Researching online: part 2

· Education

Another very useful term to take note of is NOT. Let’s say that you want to write a paper on institutions of higher learning but you do not want EVERY such school. You want just universities, NOT community colleges. So when typing in a database, what you would do is put universities NOT community colleges. This way you do not have to wade through a surplus of articles dealing with community colleges when that has absolutely nothing to do with your paper.

You can also use specific characters to help your searching. The placement of a bracket can make or break your search, as can the use of an asterisk. A bracket looks like this : ( ), and an asterisk looks like this: *. Let’s see how these work in a practical way. If you are writing a paper on the occurrence of rape on university campuses, you could try the following search: rape AND (universities or colleges). This way it doesn’t matter what term the indexer in question used, universities or colleges. You will find articles on both and because you inserted the word AND, you will get the occurrences of rape in addition to the articles on universities or colleges. What you find will then be exactly relevant.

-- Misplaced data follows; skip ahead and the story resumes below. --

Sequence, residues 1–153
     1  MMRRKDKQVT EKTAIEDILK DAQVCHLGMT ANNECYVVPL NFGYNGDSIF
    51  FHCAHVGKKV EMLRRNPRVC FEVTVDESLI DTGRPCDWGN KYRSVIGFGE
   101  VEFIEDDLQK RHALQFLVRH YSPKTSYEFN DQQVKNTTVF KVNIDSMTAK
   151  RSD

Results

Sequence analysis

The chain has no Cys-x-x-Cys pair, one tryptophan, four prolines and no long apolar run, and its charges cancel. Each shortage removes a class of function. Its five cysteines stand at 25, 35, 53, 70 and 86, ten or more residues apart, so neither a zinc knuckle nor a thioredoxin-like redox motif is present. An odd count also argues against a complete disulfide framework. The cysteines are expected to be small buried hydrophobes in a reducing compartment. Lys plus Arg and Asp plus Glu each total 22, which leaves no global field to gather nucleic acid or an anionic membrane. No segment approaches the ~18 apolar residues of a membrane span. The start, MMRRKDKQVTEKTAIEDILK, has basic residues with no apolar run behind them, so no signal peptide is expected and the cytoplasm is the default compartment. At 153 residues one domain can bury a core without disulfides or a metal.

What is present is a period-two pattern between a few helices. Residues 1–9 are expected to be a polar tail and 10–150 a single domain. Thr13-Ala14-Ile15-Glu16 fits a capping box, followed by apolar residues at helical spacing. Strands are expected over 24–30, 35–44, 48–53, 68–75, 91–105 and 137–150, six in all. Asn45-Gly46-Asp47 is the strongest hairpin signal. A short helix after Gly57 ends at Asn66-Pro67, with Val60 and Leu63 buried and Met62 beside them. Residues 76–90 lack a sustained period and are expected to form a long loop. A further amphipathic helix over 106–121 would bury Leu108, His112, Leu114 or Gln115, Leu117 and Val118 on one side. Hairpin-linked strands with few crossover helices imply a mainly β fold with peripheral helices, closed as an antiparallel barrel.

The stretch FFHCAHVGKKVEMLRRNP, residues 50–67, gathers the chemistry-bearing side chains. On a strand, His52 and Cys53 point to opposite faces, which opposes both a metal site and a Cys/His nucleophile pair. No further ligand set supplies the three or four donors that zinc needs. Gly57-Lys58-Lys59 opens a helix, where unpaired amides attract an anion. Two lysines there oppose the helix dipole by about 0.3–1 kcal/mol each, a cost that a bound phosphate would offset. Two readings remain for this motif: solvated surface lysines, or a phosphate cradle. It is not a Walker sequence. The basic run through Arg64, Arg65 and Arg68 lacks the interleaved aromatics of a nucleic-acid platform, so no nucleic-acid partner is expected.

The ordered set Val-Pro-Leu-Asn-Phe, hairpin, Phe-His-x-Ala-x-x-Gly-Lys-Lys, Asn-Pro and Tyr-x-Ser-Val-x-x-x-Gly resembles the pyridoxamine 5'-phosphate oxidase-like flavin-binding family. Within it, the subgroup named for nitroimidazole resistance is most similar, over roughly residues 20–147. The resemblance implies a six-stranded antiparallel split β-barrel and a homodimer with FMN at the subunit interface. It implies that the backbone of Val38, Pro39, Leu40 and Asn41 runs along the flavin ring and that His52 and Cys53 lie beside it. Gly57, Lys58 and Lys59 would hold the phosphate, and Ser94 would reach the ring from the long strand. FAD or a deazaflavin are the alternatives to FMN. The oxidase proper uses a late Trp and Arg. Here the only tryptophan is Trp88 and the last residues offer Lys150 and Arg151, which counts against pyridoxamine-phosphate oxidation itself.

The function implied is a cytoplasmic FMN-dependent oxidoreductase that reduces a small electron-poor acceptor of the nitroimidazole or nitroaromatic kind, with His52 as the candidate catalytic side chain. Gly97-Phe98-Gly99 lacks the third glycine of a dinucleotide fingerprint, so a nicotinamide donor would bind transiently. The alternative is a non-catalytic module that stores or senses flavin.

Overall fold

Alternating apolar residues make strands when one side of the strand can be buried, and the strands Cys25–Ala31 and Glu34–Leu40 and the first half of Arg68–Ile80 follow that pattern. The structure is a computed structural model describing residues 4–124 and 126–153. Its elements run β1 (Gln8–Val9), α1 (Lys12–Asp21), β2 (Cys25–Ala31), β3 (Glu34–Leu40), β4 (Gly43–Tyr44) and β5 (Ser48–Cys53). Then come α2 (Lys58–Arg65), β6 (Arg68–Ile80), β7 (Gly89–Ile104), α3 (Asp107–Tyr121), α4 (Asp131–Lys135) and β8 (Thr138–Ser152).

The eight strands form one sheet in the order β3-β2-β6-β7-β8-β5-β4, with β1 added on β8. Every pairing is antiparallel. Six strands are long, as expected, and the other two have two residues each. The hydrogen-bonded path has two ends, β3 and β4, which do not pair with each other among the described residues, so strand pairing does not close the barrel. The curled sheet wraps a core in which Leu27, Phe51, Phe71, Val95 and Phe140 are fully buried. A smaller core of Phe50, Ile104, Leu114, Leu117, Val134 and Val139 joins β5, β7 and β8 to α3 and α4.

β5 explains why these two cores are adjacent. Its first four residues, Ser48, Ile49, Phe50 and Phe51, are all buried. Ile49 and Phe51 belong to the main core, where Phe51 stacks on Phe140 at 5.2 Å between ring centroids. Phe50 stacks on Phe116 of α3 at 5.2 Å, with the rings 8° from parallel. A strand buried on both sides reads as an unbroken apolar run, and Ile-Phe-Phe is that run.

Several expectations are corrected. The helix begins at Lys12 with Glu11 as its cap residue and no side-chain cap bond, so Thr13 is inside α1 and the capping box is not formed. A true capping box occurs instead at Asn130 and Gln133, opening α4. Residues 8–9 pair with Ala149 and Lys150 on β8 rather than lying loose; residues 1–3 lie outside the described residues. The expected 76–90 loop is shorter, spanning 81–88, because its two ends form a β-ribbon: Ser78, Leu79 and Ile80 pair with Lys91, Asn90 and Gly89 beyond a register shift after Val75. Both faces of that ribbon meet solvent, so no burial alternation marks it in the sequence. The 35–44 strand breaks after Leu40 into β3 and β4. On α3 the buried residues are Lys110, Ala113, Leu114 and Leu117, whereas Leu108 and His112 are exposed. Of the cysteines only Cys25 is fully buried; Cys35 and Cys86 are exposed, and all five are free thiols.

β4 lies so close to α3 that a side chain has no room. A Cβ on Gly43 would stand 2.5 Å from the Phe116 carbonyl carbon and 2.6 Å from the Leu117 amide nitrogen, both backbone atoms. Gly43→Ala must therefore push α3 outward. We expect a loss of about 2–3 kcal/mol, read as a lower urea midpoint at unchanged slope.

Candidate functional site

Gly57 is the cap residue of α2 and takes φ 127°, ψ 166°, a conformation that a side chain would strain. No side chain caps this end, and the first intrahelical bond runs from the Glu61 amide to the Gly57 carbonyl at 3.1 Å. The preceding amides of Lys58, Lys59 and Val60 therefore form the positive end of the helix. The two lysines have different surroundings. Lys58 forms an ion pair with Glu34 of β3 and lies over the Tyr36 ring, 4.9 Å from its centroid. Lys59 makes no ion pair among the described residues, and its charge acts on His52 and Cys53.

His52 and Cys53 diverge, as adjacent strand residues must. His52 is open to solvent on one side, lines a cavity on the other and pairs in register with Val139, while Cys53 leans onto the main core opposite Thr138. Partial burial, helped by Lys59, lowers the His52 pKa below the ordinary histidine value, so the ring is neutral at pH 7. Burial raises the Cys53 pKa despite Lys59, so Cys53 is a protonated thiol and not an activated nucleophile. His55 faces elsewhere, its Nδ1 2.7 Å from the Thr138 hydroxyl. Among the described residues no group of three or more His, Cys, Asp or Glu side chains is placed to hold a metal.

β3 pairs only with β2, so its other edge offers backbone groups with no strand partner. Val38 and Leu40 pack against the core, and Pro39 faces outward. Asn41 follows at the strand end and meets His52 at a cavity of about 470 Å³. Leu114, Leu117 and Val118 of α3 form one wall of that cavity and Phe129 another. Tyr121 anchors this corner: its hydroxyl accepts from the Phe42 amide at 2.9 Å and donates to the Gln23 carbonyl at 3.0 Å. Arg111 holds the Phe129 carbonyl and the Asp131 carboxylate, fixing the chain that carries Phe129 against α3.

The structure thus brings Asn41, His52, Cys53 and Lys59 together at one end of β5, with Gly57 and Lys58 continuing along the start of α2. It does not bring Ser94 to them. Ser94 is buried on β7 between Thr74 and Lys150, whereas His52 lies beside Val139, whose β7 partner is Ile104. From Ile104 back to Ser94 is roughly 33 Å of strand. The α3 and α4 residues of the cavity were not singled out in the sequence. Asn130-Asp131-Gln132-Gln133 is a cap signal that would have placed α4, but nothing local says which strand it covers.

Finally, you use the asterisk when you are unsure of how to spell a word or you want to find all articles which contain a root word. Let’s say that you want information on something to do with management. But there are other words which could also be useful, such as managers, manage, etc. What you can do to ensure that you find articles on all of these is use an asterisk: manage* will find all of these mentioned words.

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